Soldiers from the First Illinois Infantry in Cuba in August, 1898. They are identified by last name only, from left, Irwin, Trebbin, Stizrud and Levine. / AP
Combat uniforms featuring the Army's newest camouflage pattern will be available for sale in the summer of 2015.
Camouflage was not widely used in early wars when soldiers lined up and battled at close range. When tactics changed, camouflage became useful.
USA TODAY Network lists a brief history of U.S. military camouflage:
1898: During the Spanish-American War, the blue coats of U.S. troops fighting in Cuba were visible targets to snipers. Troops smeared mud on their uniforms to be less conspicuous.
1902: The U.S. Army changed its summer uniform to the brown khaki worn by British troops in India. The Army also adopted camouflage color for its winter service uniform-- a dull, greenish-brown color designed as "olive-drab." The blue uniform is kept for "dress" occasions
World War I era: With the emergence of machines guns, trench warfare and aerial photography, major armies worked on developing low-visibility uniforms. The U.S. Army formed a camouflage unit made up of camofleurs -- people who were artists and designers in their civilian lives.
World War II era: The U.S. Army Corps of Engineers experimented with camouflage uniforms in 1940. In 1943, U.S. Marines in the Solomon Islands wear reversible beach/jungle coveralls with green-and-brown "frog" patterns.
The Marine Corps soon adopted a two-piece uniform made of the same camouflage material. It also used the frog pattern on helmet covers, ponchos and shelters. In 1944, U.S. troops -- especially airborne pathfinder units landing in Normandy -- camouflaged their uniforms by painting splotches and stripes on their jumpsuits. By the end of the war, camouflage combat suits lost favor; the brown side washed out and looked pink, and the two weights of material in the reversible uniform made it hot.
1950s: Camouflage uniforms in a leaf-and-twig pattern introduced but were not widely worn and soon dropped. The camouflage helmet and shelters issued in the 1950's survived, though.
1960s: There was no new official camouflage uniform for fighting in Vietnam. The camouflage Battle Dress Uniform (BDU), with a four-color pattern developed by the U.S. Army Engineer Research and Development Laboratory (ERDL) in 1948, saw limited use in the Army, which prefered the solid olive-green "boonie suit."
Other unofficial patterns used in Vietnam included black horizontal stripes over a dark-and-light-green background, adopted from the Vietnamese tigerstripe pattern (itself based on French patterns from 1953), or commercial "duck hunter" patterns.
By 1965, Navy SEALs, Green Berets and other Special Forces acquired "Tigerstripe" which became the thing to wear, on- and off-duty. Non-Tigerstripe camouflage was introduced in 1967, when the American ERDL developed an early woodland-style leaf pattern.
1970s: Research into camouflage patterns continued. In the late 1970s, the large four-color pattern of black, brown, green and khaki, called M81 woodland, became the new standard U.S. camouflage. Designed during the Cold War, woodland made soldiers less visible in a European environment. It was authorized for wear by all branches of the military.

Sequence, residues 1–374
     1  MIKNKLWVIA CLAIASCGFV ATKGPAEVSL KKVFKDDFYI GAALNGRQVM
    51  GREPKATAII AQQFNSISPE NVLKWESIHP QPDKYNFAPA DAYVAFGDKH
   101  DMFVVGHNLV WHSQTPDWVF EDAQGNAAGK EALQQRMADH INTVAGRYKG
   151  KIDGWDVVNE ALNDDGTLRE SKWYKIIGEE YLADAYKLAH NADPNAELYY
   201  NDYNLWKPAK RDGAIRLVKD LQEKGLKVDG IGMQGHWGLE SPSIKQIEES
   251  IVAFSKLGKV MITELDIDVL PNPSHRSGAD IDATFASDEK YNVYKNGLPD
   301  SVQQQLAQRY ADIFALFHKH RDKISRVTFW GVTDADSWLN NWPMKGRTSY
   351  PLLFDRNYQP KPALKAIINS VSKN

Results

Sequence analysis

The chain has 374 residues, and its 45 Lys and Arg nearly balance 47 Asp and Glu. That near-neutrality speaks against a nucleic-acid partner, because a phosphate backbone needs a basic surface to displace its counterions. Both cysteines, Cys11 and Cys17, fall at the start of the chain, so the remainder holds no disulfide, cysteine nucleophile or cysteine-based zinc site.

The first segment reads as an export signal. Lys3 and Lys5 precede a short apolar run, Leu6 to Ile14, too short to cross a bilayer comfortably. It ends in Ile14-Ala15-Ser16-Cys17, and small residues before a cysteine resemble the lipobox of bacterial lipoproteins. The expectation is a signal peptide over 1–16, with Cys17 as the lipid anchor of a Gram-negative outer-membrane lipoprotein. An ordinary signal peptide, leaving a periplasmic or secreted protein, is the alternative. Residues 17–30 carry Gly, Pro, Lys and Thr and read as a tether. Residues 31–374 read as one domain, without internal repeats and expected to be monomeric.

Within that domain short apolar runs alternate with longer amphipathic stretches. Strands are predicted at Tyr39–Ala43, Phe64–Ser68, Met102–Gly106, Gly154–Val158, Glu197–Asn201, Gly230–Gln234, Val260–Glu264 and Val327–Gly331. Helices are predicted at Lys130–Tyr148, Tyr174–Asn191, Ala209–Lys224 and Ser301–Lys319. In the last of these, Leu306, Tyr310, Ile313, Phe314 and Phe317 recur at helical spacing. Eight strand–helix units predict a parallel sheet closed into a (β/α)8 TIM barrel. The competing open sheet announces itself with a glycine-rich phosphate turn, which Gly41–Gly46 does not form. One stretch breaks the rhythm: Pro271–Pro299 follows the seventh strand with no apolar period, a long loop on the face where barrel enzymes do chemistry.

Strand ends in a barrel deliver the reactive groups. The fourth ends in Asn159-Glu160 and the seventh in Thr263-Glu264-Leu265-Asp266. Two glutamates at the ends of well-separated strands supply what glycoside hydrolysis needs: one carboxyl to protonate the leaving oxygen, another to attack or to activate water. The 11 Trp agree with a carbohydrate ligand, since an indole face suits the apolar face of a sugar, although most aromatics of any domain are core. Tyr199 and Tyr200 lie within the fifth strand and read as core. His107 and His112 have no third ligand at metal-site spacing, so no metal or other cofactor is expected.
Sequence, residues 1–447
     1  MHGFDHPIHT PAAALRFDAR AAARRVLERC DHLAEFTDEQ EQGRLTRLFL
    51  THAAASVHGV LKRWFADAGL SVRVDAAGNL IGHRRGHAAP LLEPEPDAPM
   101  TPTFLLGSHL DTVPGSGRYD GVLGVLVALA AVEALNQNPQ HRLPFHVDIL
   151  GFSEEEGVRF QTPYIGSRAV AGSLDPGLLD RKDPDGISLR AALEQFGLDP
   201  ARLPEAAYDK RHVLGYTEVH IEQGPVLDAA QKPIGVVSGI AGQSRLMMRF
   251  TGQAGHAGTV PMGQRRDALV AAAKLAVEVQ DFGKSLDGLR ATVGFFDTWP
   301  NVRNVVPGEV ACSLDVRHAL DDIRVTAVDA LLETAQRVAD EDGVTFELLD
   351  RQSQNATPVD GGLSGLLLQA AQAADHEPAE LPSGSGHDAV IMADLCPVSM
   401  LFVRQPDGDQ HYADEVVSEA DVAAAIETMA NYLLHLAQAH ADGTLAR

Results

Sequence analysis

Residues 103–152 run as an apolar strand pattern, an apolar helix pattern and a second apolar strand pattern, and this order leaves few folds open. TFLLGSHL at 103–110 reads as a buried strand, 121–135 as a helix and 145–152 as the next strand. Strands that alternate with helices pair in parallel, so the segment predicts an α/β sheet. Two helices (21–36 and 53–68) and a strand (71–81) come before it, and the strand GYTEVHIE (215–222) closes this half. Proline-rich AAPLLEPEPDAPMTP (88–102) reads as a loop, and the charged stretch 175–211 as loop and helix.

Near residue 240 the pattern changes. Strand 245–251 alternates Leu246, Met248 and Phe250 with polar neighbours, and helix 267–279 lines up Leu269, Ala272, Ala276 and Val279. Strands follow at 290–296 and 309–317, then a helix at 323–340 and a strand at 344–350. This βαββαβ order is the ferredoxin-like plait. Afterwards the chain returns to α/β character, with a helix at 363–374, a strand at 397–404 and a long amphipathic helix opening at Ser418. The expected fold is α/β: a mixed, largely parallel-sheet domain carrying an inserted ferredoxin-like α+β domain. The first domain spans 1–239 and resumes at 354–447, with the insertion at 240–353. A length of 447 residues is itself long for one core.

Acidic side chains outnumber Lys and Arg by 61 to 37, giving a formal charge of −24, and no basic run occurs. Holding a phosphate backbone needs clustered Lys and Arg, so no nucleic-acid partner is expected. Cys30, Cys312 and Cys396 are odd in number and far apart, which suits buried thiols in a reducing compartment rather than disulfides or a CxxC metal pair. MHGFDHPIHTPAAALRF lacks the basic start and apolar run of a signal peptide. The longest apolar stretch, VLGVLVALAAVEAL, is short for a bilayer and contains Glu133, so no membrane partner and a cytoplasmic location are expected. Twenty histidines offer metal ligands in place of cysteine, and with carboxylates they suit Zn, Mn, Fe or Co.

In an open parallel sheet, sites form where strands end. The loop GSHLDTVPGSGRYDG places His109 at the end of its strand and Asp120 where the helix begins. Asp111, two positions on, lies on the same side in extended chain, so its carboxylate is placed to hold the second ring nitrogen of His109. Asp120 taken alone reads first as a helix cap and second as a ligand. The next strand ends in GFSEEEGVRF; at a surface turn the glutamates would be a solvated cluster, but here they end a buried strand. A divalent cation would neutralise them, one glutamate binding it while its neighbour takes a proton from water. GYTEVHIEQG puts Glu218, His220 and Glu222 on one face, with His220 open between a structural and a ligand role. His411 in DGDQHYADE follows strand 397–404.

U.S. military camouflage changes over the years
1980s: The woodland camouflage pattern was officially introduced in 1981 with the new Battle Dress Uniform (BDU). American troops wear woodland camouflage during the Grenada invasion in 1983. Meanwhile, the U.S. issues a six-color, desert-shaded uniform (dubbed "chocolate chip"), which is later associated with Norma Schwarzkopf during the Gulf War.
Gulf War era: Desert camouflage was essential in the early1990s with the outbreak of the Persian Gulf War. The six-color "chocolate chip" cammie -- with its dark brown and gray hues, black specks and tightly mottled pattern -- became associated with the war. In 1992, it was replaced with a three-color desert pattern of tan, brown and light khaki green -- and a more subdued pattern. A nighttime desert pattern, with little black squares and checks of white and black, was used on jackets. It was designed to interfere with night-vision devices.
Iraq and Afghanistan Wars: In 2004, the Army adopted a three-color Universal Camouflage Pattern (UCP), which was worn in Operation Enduring Freedom and Operation Iraqi Freedom. It is a computer-generated mix of green, tan and gray that helps soldiers blend into woodland, desert and urban environments.
What's next: The Army plans to phase out UCP and replace it with Operational Camouflage Pattern, with a color palette of muted green, light beige and dark brown. The pattern's use will extend beyond Afghanistan to all combatant commands.
Research by Anne R. Carey, USA TODAY: "Brassey's Book of Camouflage" by Tim and Quentin Newark; U.S. Army Research, Development and Engineering Command, Natick, Mass.; Army Quartermaster Foundation (www.qmfound.com); "Camouflage uniforms of the world" website (camo.henrikc.dk); Academic dictionaries and encyclopedias (en.academic.ru/dic.nsf/enwiki/1690416); Army Times; www.kamouflage.net
Read the original story: A brief history of U.S. military camouflage